Sections 3307.15, 3307.151, 3307.181 and 3307.18. This Statement incorporates, and is subject to, all of the provisions of ORC Chapter 3307. 1.8 The Board acknowledges its responsibilities under ORC Chapter 3307 and to the extent that this Statement is inconsistent with ORC Chapter 3307, Chapter 3307 shall control. 1.9 The Board approved this Statement on Jan. 17, 2013.

2.0 Governance Principles 2.1 Three principles guided the Board’s development of the STRS Ohio fund governance structure:

(a) As STRS Ohio governing fiduciary, the Board is ultimately accountable for all investment decisions. Section 3307.15 of the Ohio Revised Code (the “Code”) vests the investment function in the Board and requires the Board to “. . . adopt, in regular meetings, policies, objectives, or criteria for the operation of the investment program . . .” Section 3307.15 of the Code sets forth the fiduciary responsibility of the Board in discharging its duties with respect to the fund.

(b) To ensure STRS Ohio assets are prudently, profitably and efficiently managed on a dayto-day basis, the Board needs to delegate the management and implementation of Board investment policies to qualified managing and operating fiduciaries. Sections 3307.04 and 3307.15 of the Code empower the Board to authorize its committees and administrative officers to act for it in accord with Board policies. The fiduciary responsibility of Board delegates in discharging their duties with respect to the fund is specified in Section 3307.15.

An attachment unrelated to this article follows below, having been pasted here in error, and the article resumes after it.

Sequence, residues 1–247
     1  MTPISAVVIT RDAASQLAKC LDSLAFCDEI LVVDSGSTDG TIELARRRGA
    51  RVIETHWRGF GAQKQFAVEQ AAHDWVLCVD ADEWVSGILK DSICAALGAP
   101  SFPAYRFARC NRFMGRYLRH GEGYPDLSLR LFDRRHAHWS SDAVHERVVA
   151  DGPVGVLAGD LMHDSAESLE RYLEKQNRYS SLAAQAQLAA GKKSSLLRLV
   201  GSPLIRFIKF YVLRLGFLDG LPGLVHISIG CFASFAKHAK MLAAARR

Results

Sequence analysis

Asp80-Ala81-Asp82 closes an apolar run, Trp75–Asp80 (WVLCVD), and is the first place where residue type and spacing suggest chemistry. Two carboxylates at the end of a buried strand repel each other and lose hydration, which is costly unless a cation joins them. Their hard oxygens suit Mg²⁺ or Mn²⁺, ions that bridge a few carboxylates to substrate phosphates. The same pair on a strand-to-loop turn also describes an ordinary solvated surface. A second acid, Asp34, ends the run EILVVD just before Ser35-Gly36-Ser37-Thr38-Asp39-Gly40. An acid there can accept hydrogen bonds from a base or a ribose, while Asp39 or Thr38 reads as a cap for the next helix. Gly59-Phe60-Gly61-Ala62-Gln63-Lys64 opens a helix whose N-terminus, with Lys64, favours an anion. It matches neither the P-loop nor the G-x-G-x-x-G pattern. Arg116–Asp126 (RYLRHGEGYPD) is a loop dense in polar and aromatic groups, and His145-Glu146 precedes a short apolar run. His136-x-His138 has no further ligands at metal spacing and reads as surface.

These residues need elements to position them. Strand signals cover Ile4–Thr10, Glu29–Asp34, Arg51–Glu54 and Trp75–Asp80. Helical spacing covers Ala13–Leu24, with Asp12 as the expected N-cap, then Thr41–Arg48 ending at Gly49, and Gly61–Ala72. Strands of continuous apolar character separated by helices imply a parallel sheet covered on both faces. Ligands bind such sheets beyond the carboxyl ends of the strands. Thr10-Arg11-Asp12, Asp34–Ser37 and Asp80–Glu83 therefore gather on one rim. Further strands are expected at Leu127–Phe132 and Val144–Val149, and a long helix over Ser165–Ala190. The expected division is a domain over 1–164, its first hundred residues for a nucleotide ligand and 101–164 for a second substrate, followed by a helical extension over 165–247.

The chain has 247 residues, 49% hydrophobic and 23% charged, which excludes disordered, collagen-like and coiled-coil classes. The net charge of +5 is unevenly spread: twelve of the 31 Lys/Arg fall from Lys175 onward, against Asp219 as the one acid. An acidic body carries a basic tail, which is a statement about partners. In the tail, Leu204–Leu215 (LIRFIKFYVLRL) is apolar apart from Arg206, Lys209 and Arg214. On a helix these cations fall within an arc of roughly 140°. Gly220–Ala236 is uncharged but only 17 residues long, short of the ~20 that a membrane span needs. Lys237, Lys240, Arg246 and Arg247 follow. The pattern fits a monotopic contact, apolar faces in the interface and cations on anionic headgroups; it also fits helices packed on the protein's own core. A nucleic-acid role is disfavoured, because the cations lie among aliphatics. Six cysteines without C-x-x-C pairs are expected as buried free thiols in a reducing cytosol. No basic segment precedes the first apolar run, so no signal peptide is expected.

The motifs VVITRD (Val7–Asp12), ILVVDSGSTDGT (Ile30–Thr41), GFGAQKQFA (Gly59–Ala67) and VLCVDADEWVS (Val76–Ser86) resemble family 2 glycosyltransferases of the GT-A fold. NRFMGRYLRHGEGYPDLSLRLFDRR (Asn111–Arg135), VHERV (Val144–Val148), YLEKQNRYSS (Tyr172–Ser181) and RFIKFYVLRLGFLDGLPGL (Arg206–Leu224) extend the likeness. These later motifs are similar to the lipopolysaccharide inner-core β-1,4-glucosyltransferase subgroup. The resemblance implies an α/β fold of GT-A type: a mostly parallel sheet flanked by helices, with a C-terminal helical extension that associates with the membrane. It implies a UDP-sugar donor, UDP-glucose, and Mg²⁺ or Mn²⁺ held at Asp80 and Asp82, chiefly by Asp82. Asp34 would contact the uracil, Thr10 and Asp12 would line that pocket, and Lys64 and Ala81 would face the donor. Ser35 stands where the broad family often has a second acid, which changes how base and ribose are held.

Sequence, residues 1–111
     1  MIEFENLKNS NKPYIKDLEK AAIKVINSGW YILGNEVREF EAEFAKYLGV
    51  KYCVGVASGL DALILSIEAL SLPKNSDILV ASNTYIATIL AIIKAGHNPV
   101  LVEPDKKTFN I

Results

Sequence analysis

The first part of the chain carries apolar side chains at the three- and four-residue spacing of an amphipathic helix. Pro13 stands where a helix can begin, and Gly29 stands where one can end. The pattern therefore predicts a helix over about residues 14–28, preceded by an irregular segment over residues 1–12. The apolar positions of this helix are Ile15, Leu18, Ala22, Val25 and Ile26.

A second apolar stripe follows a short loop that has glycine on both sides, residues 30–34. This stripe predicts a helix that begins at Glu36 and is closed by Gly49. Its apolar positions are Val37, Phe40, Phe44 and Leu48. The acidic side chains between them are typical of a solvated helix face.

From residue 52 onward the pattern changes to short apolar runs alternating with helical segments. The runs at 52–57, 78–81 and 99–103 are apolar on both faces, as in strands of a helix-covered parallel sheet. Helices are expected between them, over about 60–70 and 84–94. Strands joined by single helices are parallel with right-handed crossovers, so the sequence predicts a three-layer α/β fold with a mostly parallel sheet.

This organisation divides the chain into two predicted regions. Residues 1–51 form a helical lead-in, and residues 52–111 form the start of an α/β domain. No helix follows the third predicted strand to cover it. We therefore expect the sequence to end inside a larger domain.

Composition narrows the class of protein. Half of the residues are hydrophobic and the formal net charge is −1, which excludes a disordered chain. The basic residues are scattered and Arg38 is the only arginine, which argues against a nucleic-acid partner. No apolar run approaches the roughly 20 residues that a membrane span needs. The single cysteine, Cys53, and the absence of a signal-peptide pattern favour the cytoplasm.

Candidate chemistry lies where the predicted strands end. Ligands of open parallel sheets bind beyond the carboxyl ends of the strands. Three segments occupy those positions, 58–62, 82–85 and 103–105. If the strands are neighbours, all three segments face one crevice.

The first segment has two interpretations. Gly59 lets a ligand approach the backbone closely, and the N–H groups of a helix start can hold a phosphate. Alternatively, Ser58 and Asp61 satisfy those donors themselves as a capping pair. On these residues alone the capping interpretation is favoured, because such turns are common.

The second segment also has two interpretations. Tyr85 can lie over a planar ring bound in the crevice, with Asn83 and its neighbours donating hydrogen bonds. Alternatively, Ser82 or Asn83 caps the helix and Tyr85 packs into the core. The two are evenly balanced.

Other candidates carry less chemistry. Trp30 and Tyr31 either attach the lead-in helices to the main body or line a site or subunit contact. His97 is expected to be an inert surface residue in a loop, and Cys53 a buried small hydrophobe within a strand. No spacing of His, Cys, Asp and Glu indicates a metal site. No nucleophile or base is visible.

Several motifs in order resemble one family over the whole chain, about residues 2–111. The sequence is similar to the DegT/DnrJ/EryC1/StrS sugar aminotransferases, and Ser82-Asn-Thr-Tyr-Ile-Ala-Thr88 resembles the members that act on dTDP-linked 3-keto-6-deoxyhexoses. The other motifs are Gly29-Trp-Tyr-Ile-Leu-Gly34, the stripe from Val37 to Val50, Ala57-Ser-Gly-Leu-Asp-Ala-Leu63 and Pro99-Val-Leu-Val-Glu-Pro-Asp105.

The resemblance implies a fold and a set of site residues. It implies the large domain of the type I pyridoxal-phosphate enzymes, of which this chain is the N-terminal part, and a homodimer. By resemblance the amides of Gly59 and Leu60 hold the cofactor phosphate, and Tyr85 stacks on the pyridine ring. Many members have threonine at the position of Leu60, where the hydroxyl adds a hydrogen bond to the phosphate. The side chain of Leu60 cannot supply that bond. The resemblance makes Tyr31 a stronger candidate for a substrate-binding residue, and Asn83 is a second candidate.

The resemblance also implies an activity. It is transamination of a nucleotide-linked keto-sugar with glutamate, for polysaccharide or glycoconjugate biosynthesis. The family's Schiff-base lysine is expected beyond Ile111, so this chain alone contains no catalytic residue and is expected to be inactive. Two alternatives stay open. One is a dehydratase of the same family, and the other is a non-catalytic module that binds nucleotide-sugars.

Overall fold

(c) To ensure effective oversight of delegates, the Board requires informative and timely performance reports that reveal if managing and operating fiduciaries have complied with established policies, and indicate how assets under their care have performed relative to Board-approved investment objectives.